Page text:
Fitch: Banksâ bad loans to pile up
In a report, S&P said it expects further deterioration in the industry’s credit portfolio as borrowers are seen having a harder time meeting their debt obligations.
STAR/ File

Fitch: Banks’ bad loans to pile up

Lawrence Agcaoili (The Philippine Star) - March 6, 2021 - 12:00am

MANILA, Philippines — The Philippine banking system’s credit weakness is likely to persist with the non-performing loans (NPL) ratio further rising from 4.5 to five percent this year despite the recent enactment of a law aimed at resolving bad debts through special purpose vehicles (SPVs), according to Fitch Ratings.

In a report, S&P said it expects further deterioration in the industry’s credit portfolio as borrowers are seen having a harder time meeting their debt obligations.

“This suggests potentially steeper asset quality deterioration in the first half of 2021 than 2020. We expect the NPL ratio to rise to around 4.5 to five percent by end-2021,” Fitch said.

Latest data from the Bangko Sentral ng Pilipinas (BSP) showed the NPL ratio of Philippine banks eased slightly to 3.61 percent in end- December 2020 from 3.78 percent in November last year, but higher than the 2.04 percent recorded in December 2019.

“The NPL ratio would have been higher if not for regulatory forbearance accorded by the BSP last year,’’ Fitch said.

According to the debt watcher, the extent of deterioration would largely depend on the momentum of the economic recovery, with exposures in the consumer as well as the small and medium enterprises (SME) sectors -- where banks have been focusing on growing -- likely to be the most tested.

It said the non-consumer NPL ratio went up to 2.2 percent in end- September from 1.5 percent in end- 2019 due to micro, small and medium enterprises (MSMEs) and middle-market companies particularly those in tourism, retail trade, and commercial property that were badly affected by the pandemic.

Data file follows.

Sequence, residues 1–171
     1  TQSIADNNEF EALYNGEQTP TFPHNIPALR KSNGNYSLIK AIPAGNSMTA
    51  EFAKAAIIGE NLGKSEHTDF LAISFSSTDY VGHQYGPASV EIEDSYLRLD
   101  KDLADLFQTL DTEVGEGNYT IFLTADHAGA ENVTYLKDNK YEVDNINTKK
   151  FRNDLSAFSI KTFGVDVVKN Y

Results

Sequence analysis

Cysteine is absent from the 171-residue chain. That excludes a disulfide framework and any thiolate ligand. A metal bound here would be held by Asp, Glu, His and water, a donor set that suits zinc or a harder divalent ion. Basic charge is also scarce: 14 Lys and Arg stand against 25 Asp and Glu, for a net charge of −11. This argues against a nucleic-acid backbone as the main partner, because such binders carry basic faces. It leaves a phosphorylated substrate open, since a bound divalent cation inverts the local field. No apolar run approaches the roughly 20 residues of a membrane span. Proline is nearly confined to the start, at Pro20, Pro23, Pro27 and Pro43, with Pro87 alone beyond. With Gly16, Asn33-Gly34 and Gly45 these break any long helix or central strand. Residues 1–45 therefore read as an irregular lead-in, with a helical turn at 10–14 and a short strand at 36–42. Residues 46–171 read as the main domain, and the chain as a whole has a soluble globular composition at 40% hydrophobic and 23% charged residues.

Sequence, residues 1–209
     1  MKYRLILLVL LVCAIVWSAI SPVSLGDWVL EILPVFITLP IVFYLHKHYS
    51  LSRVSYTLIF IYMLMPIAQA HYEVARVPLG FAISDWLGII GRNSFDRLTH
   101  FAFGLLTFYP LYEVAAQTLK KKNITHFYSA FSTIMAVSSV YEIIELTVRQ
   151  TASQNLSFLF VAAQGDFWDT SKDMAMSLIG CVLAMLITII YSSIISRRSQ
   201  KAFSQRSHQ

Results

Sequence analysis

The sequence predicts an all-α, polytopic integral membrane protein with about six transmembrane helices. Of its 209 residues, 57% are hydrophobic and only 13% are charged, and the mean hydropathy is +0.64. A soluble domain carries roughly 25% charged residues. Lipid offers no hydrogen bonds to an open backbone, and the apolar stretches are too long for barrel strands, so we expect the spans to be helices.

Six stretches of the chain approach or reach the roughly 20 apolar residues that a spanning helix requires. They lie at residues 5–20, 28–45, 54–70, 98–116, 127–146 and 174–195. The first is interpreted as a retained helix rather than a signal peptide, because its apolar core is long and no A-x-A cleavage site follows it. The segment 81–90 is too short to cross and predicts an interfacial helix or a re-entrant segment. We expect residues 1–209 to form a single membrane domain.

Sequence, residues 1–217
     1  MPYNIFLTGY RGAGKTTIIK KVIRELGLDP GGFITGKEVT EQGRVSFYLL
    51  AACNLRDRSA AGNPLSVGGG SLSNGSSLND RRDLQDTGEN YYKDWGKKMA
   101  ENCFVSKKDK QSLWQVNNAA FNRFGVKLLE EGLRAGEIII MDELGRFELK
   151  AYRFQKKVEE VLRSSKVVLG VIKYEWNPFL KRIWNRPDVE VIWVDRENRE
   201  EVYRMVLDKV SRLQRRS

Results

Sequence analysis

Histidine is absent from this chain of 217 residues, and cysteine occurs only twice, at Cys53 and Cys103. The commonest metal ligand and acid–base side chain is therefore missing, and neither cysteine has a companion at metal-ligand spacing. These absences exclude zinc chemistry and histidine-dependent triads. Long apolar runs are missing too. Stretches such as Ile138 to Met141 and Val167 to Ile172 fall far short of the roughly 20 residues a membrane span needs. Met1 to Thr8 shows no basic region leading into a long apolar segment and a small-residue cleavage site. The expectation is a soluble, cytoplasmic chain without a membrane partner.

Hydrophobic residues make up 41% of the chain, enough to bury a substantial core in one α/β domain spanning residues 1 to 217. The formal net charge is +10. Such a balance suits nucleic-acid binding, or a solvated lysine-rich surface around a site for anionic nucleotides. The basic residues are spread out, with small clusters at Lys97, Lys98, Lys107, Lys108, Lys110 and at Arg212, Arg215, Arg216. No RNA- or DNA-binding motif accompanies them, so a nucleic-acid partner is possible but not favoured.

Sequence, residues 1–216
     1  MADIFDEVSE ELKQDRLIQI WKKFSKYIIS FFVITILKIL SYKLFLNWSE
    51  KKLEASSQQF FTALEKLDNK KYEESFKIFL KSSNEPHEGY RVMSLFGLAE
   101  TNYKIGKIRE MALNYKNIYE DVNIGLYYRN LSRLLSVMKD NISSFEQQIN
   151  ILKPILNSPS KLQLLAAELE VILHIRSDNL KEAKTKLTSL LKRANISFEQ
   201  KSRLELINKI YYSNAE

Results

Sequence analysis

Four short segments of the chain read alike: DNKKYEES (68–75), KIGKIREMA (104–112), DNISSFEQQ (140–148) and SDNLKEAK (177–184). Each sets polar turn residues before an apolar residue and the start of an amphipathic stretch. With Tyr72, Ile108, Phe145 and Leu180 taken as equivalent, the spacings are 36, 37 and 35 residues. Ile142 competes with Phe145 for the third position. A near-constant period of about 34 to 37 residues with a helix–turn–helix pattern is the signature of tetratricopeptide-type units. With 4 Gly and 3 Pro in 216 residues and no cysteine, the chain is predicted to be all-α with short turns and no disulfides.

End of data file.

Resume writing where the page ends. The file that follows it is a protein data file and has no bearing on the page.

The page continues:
Fitch said banks have generally high credit exposures to large companies that were also affected by the pandemic as the drop in profit ranged from 60 to 80 percent last year.

The 30-debt relief under Republic Act 11469 or the Bayanihan to Heal as One Act and the 60-day moratorium under RA 11494 or the Bayanihan to Recover as One Act both expired last year.

“The expiry of the repayment grace periods should lead to higher credit impairment in the first half of 2021 and we expect the system’s total non-performing-asset ratio, which includes real and other properties acquired, to rise to 5.5 to six percent by end-2021,” Fitch said.

The credit rating agency said consumer loans, which account for 19 percent of total loans, exhibited the worst impairments as the effects of the crisis continued to ripple through the economy, with the overall consumer NPL ratio rising to a 10-year high of 8.5 percent in end- September las year,   more than double the 2019 level of 4.1 percent.

The ratio, it said, was driven by a severe shock in the job market where the unemployment ratio spiked to 17.6 percent in April last year during the strictest lockdown before moderating to 8.7 percent in October last year.

However, Fitch said the improvement in the national jobless rate has not translated into better consumer loan asset quality.

“Employment should improve as economic activity recovers, but we expect the slack in the job market to persist for at least several quarters. There will probably be lagged effects as lower incomes seep into consumer loan quality, suggesting that the NPL ratio is likely to remain high in 2021, even as banks write off soured loans more aggressively,” Fitch said.

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